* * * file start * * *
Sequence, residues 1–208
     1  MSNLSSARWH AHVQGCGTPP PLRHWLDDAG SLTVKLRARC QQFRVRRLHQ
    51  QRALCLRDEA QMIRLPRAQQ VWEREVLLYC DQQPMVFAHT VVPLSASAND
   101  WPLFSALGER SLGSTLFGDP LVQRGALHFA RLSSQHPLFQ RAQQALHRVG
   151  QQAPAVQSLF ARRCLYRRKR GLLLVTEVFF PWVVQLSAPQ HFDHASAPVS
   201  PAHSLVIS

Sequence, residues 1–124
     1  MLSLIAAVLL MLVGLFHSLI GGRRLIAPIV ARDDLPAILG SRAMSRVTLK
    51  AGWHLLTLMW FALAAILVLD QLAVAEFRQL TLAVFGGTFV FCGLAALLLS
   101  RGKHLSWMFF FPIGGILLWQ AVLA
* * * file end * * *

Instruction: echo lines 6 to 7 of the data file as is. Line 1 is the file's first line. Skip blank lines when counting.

   201  PAHSLVIS

Sequence, residues 1–124